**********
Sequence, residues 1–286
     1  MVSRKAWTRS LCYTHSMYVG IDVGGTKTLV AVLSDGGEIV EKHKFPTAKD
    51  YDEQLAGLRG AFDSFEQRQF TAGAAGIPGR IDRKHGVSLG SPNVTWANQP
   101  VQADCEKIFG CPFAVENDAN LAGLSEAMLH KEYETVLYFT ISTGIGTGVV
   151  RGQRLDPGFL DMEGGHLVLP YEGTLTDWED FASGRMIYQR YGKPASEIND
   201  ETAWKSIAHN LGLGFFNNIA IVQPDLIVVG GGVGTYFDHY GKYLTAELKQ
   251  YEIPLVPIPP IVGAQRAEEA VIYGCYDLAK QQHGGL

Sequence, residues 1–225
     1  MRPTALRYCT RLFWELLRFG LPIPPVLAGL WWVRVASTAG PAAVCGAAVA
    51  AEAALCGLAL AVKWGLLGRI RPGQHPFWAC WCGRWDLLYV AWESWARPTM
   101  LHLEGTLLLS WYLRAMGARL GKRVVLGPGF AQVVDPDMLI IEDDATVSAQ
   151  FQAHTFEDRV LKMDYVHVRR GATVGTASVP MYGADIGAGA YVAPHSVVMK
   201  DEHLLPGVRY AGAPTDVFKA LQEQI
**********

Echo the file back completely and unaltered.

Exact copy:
Sequence, residues 1–286
     1  MVSRKAWTRS LCYTHSMYVG IDVGGTKTLV AVLSDGGEIV EKHKFPTAKD
    51  YDEQLAGLRG AFDSFEQRQF TAGAAGIPGR IDRKHGVSLG SPNVTWANQP
   101  VQADCEKIFG CPFAVENDAN LAGLSEAMLH KEYETVLYFT ISTGIGTGVV
   151  RGQRLDPGFL DMEGGHLVLP YEGTLTDWED FASGRMIYQR YGKPASEIND
   201  ETAWKSIAHN LGLGFFNNIA IVQPDLIVVG GGVGTYFDHY GKYLTAELKQ
   251  YEIPLVPIPP IVGAQRAEEA VIYGCYDLAK QQHGGL

Sequence, residues 1–225
     1  MRPTALRYCT RLFWELLRFG LPIPPVLAGL WWVRVASTAG PAAVCGAAVA
    51  AEAALCGLAL AVKWGLLGRI RPGQHPFWAC WCGRWDLLYV AWESWARPTM
   101  LHLEGTLLLS WYLRAMGARL GKRVVLGPGF AQVVDPDMLI IEDDATVSAQ
   151  FQAHTFEDRV LKMDYVHVRR GATVGTASVP MYGADIGAGA YVAPHSVVMK
   201  DEHLLPGVRY AGAPTDVFKA LQEQI